Contact Lenses in Children: A Good or Bad Choice?
While contact lenses are safe for most adults, there is some question about their safety for children.
Typically an optometrist will not prescribe contact lenses to children unless they are 12 years old or older. However, newer research suggests that younger children may be able to handle contact lenses and use them in a safe and healthy manner.
A recent study at Ohio State University of 169 children compared the use of contact lenses in children aged 8 to 12 and children aged 13 to 17. The study, named the Contact Lens in Pediatrics (CLIP) study, showed younger children, including those age 8 to 12, were just as competent and able to use contact lenses as their older peers.
This study confirms the results of an earlier study, which suggests that children between the ages of 8 and 12 are responsible and able to handle certain types of contact lenses. The researchers for this study used disposable lenses.
None of the study participants used contact lenses before the study. Researchers provided all participants with a three-month supply of soft disposable contact lenses. Researchers showed all study participants how to place the contact lens in the eye correctly and how to preserve their eye health when using the lenses.
Quality of Life Improved by Contact Lenses
The study also asked children taking part in the study to fill out a quality of life survey to evaluate the effects of contact lenses on children. The results of this study showed that most children reported their quality of life when wearing contact lenses excellent, suggesting children are eager to take advantage of the contact lens phenomenon.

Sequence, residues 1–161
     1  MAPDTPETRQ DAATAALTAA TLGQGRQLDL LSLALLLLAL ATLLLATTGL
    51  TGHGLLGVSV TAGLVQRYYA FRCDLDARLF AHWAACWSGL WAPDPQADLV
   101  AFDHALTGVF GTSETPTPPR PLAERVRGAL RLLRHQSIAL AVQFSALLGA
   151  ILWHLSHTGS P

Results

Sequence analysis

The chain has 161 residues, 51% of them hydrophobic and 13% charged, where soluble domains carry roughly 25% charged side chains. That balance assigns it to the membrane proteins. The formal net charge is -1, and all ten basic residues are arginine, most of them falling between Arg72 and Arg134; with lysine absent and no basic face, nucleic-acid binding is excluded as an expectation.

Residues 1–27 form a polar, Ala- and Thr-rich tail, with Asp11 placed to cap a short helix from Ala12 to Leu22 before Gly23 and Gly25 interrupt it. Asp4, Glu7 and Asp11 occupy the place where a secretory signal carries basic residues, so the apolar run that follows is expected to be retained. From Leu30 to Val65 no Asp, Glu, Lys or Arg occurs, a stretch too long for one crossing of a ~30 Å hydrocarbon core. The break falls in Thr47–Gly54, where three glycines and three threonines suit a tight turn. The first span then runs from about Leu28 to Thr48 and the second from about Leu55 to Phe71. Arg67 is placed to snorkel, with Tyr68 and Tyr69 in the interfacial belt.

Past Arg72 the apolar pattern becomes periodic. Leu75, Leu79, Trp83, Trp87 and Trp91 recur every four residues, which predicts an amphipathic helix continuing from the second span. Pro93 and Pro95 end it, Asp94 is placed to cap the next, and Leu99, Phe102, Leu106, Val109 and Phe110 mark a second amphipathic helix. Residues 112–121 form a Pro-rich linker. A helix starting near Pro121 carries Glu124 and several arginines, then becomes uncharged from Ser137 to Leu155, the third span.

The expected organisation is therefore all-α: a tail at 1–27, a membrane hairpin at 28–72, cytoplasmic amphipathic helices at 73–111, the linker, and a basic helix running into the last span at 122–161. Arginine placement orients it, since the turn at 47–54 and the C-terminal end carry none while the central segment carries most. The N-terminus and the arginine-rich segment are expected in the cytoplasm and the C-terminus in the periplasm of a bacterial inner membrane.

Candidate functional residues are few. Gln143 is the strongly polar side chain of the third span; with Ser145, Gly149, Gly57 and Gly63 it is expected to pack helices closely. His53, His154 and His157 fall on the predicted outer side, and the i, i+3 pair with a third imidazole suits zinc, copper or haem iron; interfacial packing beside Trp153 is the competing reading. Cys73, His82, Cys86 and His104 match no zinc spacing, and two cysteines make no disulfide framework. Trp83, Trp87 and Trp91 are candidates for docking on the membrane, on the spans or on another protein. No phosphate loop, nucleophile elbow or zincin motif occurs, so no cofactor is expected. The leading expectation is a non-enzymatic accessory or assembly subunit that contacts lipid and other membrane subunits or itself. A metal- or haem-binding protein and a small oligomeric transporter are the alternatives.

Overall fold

The questions asked included how much children enjoyed wearing lenses and how difficult they noticed using contact lenses seemed compared with eye glasses. Most of the scores suggested that children from both groups were more satisfied wearing contact lenses then glasses. This may mean that children wearing contact lenses instead of eyeglasses may have a higher self-esteem and improved spirit simply by having the choice of wearing disposable contact lenses.
Many of the teens in the study also commented that wearing contact lenses made it easier to engage in everyday activities and sports, and made them feel more at ease when around their peers.
It is important to note that appearances were not the primary reason most children participating in the study wanted to wear contact lenses. While some did report improved self-esteem, this was largely due to their increased ability to enter sports conveniently. Most found contact lenses more convenient than glasses.
The one catch. Children's vision tends to change quickly. If optometrists start offering contact lenses to children and teens, they should do so in a shorter supply, say six months instead of one year. This will allow the opportunity for reevaluation to ensure the child's prescription remains correct while using the contact lenses.
The bottom line is this. Children age 8 and older seem capable of taking care of contact lenses and wearing them correctly. If it improves their quality of life, why not let them try them out?
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